And friends, all of those positive affirmations are not only helpful to changing your mindset when it comes to difficult questions, but they’re true. If you’re sitting for AANP or ANCC, the work that you have put in to get there has been massive. Don’t underestimate it. You have gone through a BS or BSN program, an MSM, maybe even DNP or PhD. You have done so many clinical hours, you can get through a tough question. I know you can.

Another important piece of information to remember when you’re testing is that the exam is only making sure that you are going to be a safe novice, emphasis on the word novice here, nurse practitioner. You are absolutely not expected to know every question.

Both exams are going to have questions that do not count towards your score. And overall, you only need about a 70% to pass whether you’re taking ANCC or AANP. Keeping this in mind can also be helpful during your exam, especially when you get to those tough questions that you may not know.

During your exam is one time that the I know nothing feeling may creep in, but another time that is super common for this to happen is those first days, weeks, and months of nurse practitioner practice and being on your own. Transitioning from being a nurse to being a nurse practitioner is huge.

It is not only almost a complete change of career, but the role and responsibilities of being a nurse practitioner versus when you were a nurse are entirely different. You’re more than likely going to find yourself in situations where you’re not 100% sure of what tests to run, what questions to ask, or providers to refer out to.

And in times like this it is incredibly important to once again try and shift your mindset. And remember, everyone starts somewhere. Learning to utilize your resources and trust your training and all of your education will be essential to overcoming this feeling and growing from being a novice nurse practitioner to a confident provider.

There are a few tips that I think are essential to overcoming this feeling in practice and helping to guide you on your nurse practitioner journey. The first step here for when you feel like you’re totally lost, and you don’t know enough as a new nurse practitioner is to honor that feeling. It is okay to not know everything. Just like your exams, you are never expected to know at all, and especially not as a new grad nurse practitioner.

The important piece is that you do not try and ignore this feeling, and instead you seek out help to get the information you need. The people you work with as a new grad can be great resources. And they were once new too, so they usually completely understand all of the feelings and emotions that come along with being in a new role.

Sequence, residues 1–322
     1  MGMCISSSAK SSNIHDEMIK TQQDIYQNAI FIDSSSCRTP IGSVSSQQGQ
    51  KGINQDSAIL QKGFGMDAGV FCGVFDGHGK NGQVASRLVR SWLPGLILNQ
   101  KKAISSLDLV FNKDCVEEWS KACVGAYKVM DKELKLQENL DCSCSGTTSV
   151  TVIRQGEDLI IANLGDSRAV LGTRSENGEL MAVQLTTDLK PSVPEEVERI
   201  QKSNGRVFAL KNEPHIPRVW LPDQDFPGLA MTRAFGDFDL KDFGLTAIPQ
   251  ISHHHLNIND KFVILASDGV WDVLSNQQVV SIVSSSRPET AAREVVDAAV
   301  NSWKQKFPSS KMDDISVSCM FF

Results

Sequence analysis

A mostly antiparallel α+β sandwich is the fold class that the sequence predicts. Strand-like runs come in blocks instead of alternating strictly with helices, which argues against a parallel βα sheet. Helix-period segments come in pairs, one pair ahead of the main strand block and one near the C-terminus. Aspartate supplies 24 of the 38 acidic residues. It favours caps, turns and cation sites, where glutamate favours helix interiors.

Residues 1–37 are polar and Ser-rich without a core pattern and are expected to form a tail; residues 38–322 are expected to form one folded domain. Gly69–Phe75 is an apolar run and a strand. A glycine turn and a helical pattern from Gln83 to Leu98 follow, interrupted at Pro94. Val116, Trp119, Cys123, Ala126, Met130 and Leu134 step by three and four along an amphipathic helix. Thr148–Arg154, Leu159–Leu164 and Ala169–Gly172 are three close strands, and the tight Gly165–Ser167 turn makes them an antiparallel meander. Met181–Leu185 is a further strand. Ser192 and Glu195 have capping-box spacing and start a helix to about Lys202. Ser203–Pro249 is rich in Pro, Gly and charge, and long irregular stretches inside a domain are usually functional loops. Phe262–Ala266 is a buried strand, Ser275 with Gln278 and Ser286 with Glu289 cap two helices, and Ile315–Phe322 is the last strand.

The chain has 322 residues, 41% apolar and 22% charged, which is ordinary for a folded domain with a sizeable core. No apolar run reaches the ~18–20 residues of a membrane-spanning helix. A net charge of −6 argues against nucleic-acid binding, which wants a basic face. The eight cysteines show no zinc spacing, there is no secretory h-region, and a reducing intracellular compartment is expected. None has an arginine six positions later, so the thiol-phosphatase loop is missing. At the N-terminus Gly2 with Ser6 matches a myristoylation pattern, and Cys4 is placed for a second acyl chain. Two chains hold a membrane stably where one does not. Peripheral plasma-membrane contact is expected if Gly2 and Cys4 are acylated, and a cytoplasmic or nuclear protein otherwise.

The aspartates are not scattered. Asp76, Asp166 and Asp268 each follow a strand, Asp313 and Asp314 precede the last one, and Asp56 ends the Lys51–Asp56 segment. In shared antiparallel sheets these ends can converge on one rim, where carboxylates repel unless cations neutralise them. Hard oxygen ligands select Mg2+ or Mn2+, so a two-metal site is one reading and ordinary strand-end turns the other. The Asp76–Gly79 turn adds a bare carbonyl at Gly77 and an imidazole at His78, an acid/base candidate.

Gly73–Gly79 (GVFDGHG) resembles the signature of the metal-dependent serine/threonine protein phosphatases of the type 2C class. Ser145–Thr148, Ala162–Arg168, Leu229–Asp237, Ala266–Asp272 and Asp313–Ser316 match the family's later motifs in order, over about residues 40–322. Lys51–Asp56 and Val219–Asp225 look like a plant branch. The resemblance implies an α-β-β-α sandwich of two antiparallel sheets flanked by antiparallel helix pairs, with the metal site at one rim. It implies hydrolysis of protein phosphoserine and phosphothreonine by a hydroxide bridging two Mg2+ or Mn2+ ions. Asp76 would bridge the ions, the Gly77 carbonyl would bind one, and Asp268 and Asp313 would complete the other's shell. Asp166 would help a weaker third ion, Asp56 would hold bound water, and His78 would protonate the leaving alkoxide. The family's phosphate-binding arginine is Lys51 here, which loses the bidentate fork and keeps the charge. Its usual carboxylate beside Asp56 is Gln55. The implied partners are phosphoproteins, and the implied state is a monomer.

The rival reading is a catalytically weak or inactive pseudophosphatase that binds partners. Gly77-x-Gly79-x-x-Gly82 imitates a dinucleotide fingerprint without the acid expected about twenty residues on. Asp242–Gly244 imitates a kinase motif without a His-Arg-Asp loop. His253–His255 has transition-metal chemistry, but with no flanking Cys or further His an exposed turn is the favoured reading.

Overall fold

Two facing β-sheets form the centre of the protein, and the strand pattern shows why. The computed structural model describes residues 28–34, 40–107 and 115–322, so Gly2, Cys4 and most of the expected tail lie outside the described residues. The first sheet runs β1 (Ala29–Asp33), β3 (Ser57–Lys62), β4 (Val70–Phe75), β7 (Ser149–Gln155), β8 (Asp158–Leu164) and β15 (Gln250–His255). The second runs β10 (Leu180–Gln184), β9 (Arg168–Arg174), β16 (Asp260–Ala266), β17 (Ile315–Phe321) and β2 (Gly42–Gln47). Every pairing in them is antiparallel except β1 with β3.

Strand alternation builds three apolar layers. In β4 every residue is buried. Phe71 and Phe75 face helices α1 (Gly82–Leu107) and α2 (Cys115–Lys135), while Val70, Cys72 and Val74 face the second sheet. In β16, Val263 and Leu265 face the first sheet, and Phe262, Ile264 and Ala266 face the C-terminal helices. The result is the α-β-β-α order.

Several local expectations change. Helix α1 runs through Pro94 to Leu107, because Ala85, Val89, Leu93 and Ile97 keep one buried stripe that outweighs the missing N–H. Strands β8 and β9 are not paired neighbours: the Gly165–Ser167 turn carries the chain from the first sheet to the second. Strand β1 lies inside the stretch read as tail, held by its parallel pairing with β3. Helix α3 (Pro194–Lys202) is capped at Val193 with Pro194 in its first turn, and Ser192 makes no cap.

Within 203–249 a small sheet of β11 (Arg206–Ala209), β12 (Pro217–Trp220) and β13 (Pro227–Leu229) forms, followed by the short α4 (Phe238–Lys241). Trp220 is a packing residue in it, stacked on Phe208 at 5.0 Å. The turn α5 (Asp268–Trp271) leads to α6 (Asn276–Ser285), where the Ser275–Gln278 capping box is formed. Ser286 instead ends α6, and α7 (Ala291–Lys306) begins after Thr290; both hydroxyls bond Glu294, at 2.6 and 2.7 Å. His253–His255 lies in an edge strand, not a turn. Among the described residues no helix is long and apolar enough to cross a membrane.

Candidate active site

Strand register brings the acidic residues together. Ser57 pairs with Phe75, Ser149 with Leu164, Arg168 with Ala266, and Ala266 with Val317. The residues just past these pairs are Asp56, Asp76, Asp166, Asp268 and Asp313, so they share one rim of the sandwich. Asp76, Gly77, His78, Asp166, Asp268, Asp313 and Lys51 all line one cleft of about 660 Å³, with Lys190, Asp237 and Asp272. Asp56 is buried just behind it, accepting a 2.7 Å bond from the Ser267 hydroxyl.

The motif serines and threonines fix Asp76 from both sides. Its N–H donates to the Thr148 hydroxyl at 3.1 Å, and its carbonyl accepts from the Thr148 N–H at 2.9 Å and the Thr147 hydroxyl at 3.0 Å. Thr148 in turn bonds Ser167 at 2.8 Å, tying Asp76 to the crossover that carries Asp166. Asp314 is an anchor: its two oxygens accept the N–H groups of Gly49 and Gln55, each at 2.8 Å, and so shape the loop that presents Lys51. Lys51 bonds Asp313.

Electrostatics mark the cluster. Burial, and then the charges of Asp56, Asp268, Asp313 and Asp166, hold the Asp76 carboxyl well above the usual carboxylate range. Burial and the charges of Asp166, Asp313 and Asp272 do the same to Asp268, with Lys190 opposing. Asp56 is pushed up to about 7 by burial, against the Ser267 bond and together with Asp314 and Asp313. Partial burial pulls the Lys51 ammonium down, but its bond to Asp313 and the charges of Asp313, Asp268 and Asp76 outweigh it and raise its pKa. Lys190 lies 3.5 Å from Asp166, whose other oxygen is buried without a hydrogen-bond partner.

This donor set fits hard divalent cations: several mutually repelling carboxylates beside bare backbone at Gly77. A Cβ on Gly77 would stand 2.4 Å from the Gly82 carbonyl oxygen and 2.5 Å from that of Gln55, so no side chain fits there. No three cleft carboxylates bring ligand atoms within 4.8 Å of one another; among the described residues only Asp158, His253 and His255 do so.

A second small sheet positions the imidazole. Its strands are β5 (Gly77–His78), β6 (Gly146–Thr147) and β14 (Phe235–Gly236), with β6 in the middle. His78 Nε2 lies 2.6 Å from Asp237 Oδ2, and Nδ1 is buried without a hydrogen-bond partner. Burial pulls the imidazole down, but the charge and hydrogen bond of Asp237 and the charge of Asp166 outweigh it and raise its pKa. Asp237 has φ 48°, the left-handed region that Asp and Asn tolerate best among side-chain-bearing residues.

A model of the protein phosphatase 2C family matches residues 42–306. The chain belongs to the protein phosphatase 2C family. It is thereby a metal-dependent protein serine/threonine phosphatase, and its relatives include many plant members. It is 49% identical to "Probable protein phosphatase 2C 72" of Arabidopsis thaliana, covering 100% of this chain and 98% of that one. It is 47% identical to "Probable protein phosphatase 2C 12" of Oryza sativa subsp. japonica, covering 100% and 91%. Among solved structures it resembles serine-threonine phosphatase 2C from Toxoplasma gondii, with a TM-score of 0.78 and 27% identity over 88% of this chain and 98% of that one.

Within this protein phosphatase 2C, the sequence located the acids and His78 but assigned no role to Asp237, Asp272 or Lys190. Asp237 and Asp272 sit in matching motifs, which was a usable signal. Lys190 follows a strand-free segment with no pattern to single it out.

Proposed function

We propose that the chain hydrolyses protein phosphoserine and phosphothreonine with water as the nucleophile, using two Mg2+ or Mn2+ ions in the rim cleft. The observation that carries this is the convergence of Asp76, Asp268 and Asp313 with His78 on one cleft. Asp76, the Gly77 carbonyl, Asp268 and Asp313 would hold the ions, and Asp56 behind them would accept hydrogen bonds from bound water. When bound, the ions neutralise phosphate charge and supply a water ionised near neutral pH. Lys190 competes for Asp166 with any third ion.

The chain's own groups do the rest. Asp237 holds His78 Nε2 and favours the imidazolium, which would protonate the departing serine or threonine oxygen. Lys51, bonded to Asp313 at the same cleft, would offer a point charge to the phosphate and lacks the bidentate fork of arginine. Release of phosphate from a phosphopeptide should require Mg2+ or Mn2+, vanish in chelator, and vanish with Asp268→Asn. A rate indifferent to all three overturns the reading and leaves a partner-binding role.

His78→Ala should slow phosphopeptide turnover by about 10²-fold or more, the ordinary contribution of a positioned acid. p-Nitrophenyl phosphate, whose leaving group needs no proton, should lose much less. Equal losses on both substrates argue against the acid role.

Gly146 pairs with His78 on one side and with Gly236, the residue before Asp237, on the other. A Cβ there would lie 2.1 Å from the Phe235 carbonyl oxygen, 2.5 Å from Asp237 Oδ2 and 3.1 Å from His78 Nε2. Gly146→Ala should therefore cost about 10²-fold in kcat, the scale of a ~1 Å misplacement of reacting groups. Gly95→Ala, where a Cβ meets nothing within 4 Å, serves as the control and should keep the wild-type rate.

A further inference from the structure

This is also something I feel is super important to ask about in an initial interview for that first NP role. Ask how that office or clinic is going to support you as you grow into this new role, and you evolve. And ask them what resources they have available to help this transition.

If you are in a full independent practice state, this is even more important because you do not want to enter a role where you are lacking resources as you become acclimated to becoming a nurse practitioner.

Another way to avoid feeling like you know nothing in those early days of practice is to seek out educational opportunities. Medicine, as we know, is ever changing. And as nurse practitioners we really do dedicate our lives and practice to continuing to grow and learn. In doing so you can affirm what you do know and learn different approaches to practice to grow that educational base.

We all know there are different continuing education and contact hour requirements to maintain certification under AANP or ANCC, but beyond those I really challenge you as a new nurse practitioner to seek out this education, specifically the education you need to feel confident. There are so many online resources and courses you can take as well as national conferences to attend, both virtual and in person, where they are covering the latest and greatest innovations in the medical field.

These are not only great ways to maintain your certification and your license of course, but they are significant opportunities to expand your knowledge base and network with other nurse practitioners and build a support base for yourself.

Many times your workplace will even provide you with funding for these opportunities. And so I highly, highly recommend that you take full advantage of them and don’t overlook them.

The final way as a new nurse practitioner in practice I would like to highlight as a way to avoid feeling like you don’t know enough is to connect with other new nurse practitioners. According to AANP there are over 30,000 new nurse practitioners completing their programs yearly. Which means you are far from alone as a new nurse practitioner.

You may be lucky enough to be joining a workplace with another new provider, which can be a great connection and resource in those early days. But even if you only work with experienced providers, I would definitely find a new provider community to connect with.

Connecting with other new nurse practitioners and sharing ways to overcome that newbie feeling, that feeling like you don’t know enough can help you to combat that feeling. And also grow your own network of professional connections.

There are many ways to do this, whether it’s a conference, a workshop, online, whatever works best for you. And we know that our SMNP Reviews community has a great new nurse practitioner Facebook group where I’m constantly amazed at the camaraderie and support that goes on.

And so there you have it, my friends, when you feel like you don’t know enough, whether it’s during your exams or during practice, I truly, truly want you to know that you absolutely do know something. And actually you know quite a bit.

During your exams, be sure to utilize those test taking strategies that you have practiced. And when you’re new to practice, be sure to reach out when you need help and seek out those further educational opportunities. In either case, wherever you are in your NP journey, know that you are never alone, and you’re never expected to know at all. Know that you all have my full confidence and support, always. And we’ll talk again next week.

As an extra bonus, friends, if you’re looking for support, no matter what phase of your nurse practitioner journey that you’re currently in, I have communities available for both students and new nurse practitioners. In these communities we work to uplift one another and grow this profession together every single day. Links to join will be included for you in the show notes.

Thanks for listening to Becoming a Stress-Free Nurse Practitioner. If you want more information about the different types of support we offer to students and new NPs, visit See you next week.